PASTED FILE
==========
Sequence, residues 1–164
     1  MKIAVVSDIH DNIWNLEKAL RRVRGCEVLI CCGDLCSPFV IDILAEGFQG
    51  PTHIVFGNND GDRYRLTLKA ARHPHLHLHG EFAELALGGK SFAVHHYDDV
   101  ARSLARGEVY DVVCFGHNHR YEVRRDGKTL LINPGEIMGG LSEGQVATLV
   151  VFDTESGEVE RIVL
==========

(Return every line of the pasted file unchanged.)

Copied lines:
Sequence, residues 1–164
     1  MKIAVVSDIH DNIWNLEKAL RRVRGCEVLI CCGDLCSPFV IDILAEGFQG
    51  PTHIVFGNND GDRYRLTLKA ARHPHLHLHG EFAELALGGK SFAVHHYDDV
   101  ARSLARGEVY DVVCFGHNHR YEVRRDGKTL LINPGEIMGG LSEGQVATLV
   151  VFDTESGEVE RIVL